ETU National Secretary Allen Hicks, who has been on the ground in the Sydney construction industry, said it was lucky the near miss was not a fatal, but it highlighted how corners were being cut and licensing standards were being ignored.

“The NSW Liberal government is putting enormous pressure on workers to finish these projects and because too many workers aren’t licensed corners are being dangerously cut,” he said.

"Bosses are using unlicensed workers to save a few dollars. We will continue to pursue these dodgy bosses and make them accountable for allowing dangerous unlicensed work to be used on these sites.  

“The public knows better than to use unlicensed electricians to do work on their homes, but the government is ignoring the huge numbers of unlicensed electrical workers and major public projects.

“Using unlicensed and unqualified electrical workers creates dangers on site and inevitably the public will be put at risk because of sub-standard electrical work that could end in an avoidable death.”

The charge of unlicensed electrical workers working where they shouldn’t be is one that has been getting louder across NSW and the rest of the country.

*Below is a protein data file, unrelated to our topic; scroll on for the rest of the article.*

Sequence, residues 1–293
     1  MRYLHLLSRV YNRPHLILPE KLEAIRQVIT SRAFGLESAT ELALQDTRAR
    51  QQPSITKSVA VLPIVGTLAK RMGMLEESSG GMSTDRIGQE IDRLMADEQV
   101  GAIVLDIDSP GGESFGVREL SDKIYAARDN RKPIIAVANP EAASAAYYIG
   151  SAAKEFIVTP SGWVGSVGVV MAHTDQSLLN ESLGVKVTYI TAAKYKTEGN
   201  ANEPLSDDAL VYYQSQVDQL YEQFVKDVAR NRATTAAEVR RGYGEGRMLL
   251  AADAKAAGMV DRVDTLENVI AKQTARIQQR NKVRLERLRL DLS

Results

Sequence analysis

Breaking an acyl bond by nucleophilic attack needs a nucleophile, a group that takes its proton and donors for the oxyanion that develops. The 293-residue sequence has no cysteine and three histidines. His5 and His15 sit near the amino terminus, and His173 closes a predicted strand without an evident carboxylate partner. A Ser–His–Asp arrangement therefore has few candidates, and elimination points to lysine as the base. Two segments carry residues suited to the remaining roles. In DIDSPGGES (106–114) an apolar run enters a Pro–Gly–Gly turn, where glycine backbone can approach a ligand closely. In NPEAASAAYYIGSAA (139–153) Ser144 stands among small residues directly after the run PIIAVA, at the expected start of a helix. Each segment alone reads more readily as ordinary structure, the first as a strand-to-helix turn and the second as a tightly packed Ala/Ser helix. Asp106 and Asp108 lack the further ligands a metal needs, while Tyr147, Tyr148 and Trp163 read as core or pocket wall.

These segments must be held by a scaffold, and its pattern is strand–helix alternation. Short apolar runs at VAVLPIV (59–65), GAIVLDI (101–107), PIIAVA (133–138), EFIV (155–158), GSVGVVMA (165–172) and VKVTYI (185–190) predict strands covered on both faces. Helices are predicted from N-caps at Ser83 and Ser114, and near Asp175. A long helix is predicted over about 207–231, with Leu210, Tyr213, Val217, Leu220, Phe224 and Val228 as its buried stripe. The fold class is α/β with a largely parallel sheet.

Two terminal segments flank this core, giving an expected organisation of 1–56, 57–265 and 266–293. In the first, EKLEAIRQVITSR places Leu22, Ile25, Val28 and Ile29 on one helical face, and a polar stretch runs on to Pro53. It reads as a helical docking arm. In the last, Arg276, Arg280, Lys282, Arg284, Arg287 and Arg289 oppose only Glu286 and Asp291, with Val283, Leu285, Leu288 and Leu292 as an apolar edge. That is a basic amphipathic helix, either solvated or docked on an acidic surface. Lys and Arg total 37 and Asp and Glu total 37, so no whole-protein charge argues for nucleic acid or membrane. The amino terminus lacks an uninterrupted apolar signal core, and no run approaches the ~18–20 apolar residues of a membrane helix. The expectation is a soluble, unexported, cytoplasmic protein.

Cabling mess documented on the Sydney Metro project.

With the renewable energy boom underway, many members have noted the huge numbers of contractors employing unlicensed and unskilled labour to do electrical work on far too many large-scale energy projects in numerous states. 

This will no doubt lead to more unsafe and substandard work being carried out on these sites as bosses try to cut corners and keep their costs down.

So we can continue to pressure state and federal governments to crack down on illegal electrical work, we need to continue to gather evidence of the unlicensed and unsupervised work that is being carried out on jobsites everywhere.  

Evidence that clearly shows shoddy work undertaken by unlicensed labourers will help us swing the biggest and heaviest weapon of all: public opinion.

IF YOU HAVE SOMETHING TO REPORT you can get in touch and share videos or pictures by direct message to the ETU National Facebook page HERE.